J.J. Creighton is an independent historian and researcher.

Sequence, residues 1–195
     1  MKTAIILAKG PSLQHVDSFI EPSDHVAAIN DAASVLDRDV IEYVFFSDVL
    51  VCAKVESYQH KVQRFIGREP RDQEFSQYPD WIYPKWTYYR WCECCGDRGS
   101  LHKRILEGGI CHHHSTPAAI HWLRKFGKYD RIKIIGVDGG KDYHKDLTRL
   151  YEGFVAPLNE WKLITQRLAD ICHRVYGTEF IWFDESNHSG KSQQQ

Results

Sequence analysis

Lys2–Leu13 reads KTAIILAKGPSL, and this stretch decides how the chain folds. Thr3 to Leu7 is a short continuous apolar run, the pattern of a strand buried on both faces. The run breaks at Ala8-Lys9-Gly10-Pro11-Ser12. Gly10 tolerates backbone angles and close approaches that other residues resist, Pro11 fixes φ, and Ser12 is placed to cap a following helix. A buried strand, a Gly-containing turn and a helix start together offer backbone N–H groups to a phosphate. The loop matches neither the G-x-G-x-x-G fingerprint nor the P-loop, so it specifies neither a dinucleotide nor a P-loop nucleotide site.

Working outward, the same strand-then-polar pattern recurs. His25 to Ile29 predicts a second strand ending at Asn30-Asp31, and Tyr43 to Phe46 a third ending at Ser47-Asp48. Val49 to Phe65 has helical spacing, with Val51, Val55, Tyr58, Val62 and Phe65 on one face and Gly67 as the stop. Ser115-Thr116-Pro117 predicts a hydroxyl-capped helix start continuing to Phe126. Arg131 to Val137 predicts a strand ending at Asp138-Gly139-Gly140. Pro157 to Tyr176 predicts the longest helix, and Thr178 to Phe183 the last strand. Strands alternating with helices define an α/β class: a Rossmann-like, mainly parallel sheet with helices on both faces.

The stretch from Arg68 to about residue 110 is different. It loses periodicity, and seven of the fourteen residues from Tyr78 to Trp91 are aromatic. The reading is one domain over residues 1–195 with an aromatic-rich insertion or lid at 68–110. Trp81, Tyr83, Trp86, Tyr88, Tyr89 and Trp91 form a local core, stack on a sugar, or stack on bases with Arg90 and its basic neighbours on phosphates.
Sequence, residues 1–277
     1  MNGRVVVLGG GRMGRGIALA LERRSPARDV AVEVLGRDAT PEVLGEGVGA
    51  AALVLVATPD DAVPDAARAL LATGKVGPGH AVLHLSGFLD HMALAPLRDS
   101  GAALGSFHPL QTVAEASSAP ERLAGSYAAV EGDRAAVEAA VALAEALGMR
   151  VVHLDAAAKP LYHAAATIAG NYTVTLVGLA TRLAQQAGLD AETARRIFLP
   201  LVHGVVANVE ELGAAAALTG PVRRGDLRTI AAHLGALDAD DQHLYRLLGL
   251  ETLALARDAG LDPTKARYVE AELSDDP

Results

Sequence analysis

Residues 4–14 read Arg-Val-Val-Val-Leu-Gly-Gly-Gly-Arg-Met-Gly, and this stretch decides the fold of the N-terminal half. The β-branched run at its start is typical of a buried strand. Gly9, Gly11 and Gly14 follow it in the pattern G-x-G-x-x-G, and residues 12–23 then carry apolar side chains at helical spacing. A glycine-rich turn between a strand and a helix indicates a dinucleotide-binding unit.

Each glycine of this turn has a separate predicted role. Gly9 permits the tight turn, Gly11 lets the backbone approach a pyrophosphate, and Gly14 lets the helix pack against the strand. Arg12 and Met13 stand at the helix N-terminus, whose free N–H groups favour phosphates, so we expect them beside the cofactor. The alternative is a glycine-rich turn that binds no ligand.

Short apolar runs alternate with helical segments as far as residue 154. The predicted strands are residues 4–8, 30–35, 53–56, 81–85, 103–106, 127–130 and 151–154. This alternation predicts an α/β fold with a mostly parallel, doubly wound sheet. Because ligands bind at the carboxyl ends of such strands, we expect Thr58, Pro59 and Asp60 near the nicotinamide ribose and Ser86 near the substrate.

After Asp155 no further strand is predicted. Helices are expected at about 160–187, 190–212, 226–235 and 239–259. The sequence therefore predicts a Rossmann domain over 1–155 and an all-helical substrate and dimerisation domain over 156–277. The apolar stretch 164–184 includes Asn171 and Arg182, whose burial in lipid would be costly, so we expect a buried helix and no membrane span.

Two excerpts from Chapter Four: The People of the Colville Confederated Tribes In June 1937, the students and instructors from Washington State College descended on Nespelem on the Colville Reservation. It must have been a memorable moment for the Confederateed Tribes, seeing this entourage coming into town equipped with easels and canvases, paint boxes, and the like. Here, the WSC group would spend the next eight weeks recording part of a history that was largely unknown. The Nespelem setting had a distinctive atmosphere, which means everything to the artist. Located in north central Washington, the large Colville Reservation is bound on the south and east by the Columbia River, by the Okanogan River to the west, and the Okanogan National Forest to the north. The landscape consists of the vast Columbia River canyon and rolling sagebrush praries and hills in the southern part of the reservation, gradually turning to forested uplands and mountains farther north. The geology is diverse; rimrock canyons, granite punch bowls, and glacier cut peaks are a part of the spatial domain. It was a unique place where a group of enthusiastic artists would be initiated in the ways of a culture that had been long misunderstood by most modern white Americans. For many of the students, this was their first encounter with Native Americans, hence there probably was a good deal of apprehension on their part. Members of the numerous tribes and bands that inhabited the reservation no doubt had the same feelings. The majority of Indians were more than accomodating to the visiting "bohemians" from WSC; there were others, however, who kept their distance and entirely resisted any kind of contact. For the WSC group, their previous perceptions about Indians were eventually laid to rest, the foremost being that all Indians were culturally the same. Hollywood movies and popular fiction seldom made distinctions as to differences in culture when portraying Native Americans. The tribes and bands that made up the Colville Reservation, indeed, exemplified inherent differences, rather than the preconceived sameness believed in by so many non-Indians. ----- ...Though female Indians often are overlooked by history, they were revered by the students, the majority of whom themselves were women. Though frequently not identified, the Indian women sitting for portraits often were of important tribal lineage. From the aged to the young, they were sought out to pose. In 1937 one of the young girls who sat for portrait work was Bertha Awhi of Yakama-Moses descent. She had been born in Nespelem in 1926. In 1997 - nearly six decades after the art colony period - she spoke fondly of her interaction with the artists and appeared pleased to have the long forgotten story told. Bertha served as an interpreter for the students and Indians, particularly for the Awhi family, a number of whom posed for portraits.